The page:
Rhino Arc, a local non-governmental organisation, asks the community to be patient saying an electric fence is being put up.

Christian Lambrechets, the executive director of Rhino Arc, says construction of 450 kilometre Mt Kenya forest fence is ongoing.

The community, through the county government, had promised to pump in Sh9 million in the project.

“Since it was built in 1997 it has been vandalised, but we have taken up concern to rebuild. The construction will start once the community commits Sh9 million. The fence will cost Sh25 million without tight lock, Sh45 million with it and Sh53 million if re-constructed with the energiser and small gap between poles and wire mesh,” Lambrechets says.

The KWS senior warden in Meru Jimna Patet says the community has a valid reason to complain about continuous destruction of crops and property.

He says KWS rangers are few and cannot effectively man the long stretch of farms around the forest.

The more than 12,0000 residents of Naari, Nchoroiboro and Mailikumi villages say the have never harvested cassava, sugarcane, bananas, pumpkins, butternuts and pawpaws in the last three years.

They also harvest maize prematurely before the elephants come.

“I have already uprooted all the sugarcane, bananas and cassava which were in my farm, because I would rather live without them rather than spend the night out chasing elephants from my farm. If the situation remains the same, I would rather sell my farm and buy another land where I will live in peace without these animals pulling me back,”says Michael Murithi a resident of Maili Kumi.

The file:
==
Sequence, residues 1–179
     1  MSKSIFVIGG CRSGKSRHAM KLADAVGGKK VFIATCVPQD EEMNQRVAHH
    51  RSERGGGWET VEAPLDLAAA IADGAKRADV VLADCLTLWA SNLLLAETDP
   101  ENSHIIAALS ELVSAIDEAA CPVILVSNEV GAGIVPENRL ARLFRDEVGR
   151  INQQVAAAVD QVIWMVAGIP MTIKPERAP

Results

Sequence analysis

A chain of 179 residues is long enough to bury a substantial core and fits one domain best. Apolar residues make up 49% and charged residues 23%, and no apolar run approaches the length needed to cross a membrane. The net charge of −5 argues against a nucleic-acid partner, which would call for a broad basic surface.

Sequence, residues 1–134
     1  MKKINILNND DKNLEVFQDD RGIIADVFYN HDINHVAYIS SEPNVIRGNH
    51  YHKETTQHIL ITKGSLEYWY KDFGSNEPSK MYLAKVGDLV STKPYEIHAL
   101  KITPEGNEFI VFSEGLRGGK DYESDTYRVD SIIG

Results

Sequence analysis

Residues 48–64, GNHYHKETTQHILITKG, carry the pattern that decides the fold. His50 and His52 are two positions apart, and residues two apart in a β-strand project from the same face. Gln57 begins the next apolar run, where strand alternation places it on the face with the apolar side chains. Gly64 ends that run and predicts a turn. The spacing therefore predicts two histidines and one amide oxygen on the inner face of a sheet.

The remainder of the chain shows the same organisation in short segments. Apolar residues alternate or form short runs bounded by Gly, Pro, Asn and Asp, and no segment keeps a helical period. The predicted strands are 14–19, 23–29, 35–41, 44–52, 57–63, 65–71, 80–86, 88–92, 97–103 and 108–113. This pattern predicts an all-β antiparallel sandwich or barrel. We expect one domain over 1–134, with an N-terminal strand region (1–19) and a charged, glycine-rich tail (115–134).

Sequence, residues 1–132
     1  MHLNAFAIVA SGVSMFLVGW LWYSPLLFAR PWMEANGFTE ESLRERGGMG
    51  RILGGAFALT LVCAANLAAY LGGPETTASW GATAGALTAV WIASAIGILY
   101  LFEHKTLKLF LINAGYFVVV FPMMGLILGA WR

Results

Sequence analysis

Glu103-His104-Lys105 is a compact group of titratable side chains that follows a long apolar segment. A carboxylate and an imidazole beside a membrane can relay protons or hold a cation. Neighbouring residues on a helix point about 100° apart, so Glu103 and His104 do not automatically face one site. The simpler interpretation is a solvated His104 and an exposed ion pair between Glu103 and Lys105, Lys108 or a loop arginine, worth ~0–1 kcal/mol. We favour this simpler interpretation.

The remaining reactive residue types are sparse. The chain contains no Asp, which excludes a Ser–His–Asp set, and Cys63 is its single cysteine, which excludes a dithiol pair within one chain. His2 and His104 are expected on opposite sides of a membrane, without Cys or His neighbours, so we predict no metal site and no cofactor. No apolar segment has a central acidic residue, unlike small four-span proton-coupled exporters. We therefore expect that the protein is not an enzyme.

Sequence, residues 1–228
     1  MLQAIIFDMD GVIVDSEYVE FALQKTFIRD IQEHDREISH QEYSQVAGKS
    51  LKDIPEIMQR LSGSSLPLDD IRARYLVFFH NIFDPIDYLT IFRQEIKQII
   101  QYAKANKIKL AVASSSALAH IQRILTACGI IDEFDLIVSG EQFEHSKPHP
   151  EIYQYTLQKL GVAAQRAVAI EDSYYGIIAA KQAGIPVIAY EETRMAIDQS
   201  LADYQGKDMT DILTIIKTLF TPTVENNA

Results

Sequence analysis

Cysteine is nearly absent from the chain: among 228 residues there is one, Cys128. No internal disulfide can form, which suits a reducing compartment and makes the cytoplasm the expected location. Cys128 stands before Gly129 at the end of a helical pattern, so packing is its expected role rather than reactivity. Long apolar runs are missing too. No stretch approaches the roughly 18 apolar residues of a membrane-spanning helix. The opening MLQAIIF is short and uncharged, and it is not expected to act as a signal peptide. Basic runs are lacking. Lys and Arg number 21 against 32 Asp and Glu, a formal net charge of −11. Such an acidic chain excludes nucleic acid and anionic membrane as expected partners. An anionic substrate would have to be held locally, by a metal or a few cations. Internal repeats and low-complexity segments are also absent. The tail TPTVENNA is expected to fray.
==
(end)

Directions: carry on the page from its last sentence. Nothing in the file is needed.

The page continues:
Some residents claim the only remedy is erecting a stone wall around their farms because any other type of fence is useless.

“I once fenced my shamba with barbed wire and the same night the elephants came into the farm and destroyed the whole of it. I don’t know how I can protect myself. I have been looking forward to do greenhouse farming but I can’t because it will be an effort in futility,”says Kagwiria Kirugi, a resident.

Many say their children fear going to school early in the morning due to fear of wild animals, and this has led to poor performance in school.

Mary Mbugua, a resident of Nkunga village, says their bumper harvest from the Elnino rains is has been destroyed by the elephants.

“During these rains we expected we would get enough crop harvest but none of our miraa, maize potatoes, beans or any other crop is left in the farms. Many of us spend the nights out and we pray that these elephants can be contained in the forest and we find our peace,” she said.

Franklin Muthomi complains that they have never been compensated for the loss.

“For many seasons, our crops have been destroyed and we have never been compensated. The agriculture department registers destructions and the KWS department has never bothered to compensate. We buy all kinds of food from the markets despite having fertile lands and water for irrigation,”he said.